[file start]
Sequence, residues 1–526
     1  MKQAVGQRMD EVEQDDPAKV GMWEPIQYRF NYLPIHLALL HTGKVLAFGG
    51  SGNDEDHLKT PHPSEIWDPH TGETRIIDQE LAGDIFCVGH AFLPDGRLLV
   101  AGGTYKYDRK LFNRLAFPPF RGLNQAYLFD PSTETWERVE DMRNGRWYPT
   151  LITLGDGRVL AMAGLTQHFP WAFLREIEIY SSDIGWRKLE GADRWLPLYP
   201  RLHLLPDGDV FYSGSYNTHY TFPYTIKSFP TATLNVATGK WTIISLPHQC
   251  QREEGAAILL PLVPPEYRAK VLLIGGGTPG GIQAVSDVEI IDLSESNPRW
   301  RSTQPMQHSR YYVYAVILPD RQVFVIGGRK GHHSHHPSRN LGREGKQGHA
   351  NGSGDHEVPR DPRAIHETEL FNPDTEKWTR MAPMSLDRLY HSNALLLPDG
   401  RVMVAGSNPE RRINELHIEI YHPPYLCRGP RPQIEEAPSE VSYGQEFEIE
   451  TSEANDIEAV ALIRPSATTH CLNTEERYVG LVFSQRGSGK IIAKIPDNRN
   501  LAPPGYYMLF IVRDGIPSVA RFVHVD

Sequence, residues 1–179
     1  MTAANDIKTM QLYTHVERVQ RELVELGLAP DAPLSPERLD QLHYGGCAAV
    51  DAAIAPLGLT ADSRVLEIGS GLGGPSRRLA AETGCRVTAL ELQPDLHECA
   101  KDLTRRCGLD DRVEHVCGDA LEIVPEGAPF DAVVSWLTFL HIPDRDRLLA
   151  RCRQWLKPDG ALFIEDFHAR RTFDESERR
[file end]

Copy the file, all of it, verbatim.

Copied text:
Sequence, residues 1–526
     1  MKQAVGQRMD EVEQDDPAKV GMWEPIQYRF NYLPIHLALL HTGKVLAFGG
    51  SGNDEDHLKT PHPSEIWDPH TGETRIIDQE LAGDIFCVGH AFLPDGRLLV
   101  AGGTYKYDRK LFNRLAFPPF RGLNQAYLFD PSTETWERVE DMRNGRWYPT
   151  LITLGDGRVL AMAGLTQHFP WAFLREIEIY SSDIGWRKLE GADRWLPLYP
   201  RLHLLPDGDV FYSGSYNTHY TFPYTIKSFP TATLNVATGK WTIISLPHQC
   251  QREEGAAILL PLVPPEYRAK VLLIGGGTPG GIQAVSDVEI IDLSESNPRW
   301  RSTQPMQHSR YYVYAVILPD RQVFVIGGRK GHHSHHPSRN LGREGKQGHA
   351  NGSGDHEVPR DPRAIHETEL FNPDTEKWTR MAPMSLDRLY HSNALLLPDG
   401  RVMVAGSNPE RRINELHIEI YHPPYLCRGP RPQIEEAPSE VSYGQEFEIE
   451  TSEANDIEAV ALIRPSATTH CLNTEERYVG LVFSQRGSGK IIAKIPDNRN
   501  LAPPGYYMLF IVRDGIPSVA RFVHVD

Sequence, residues 1–179
     1  MTAANDIKTM QLYTHVERVQ RELVELGLAP DAPLSPERLD QLHYGGCAAV
    51  DAAIAPLGLT ADSRVLEIGS GLGGPSRRLA AETGCRVTAL ELQPDLHECA
   101  KDLTRRCGLD DRVEHVCGDA LEIVPEGAPF DAVVSWLTFL HIPDRDRLLA
   151  RCRQWLKPDG ALFIEDFHAR RTFDESERR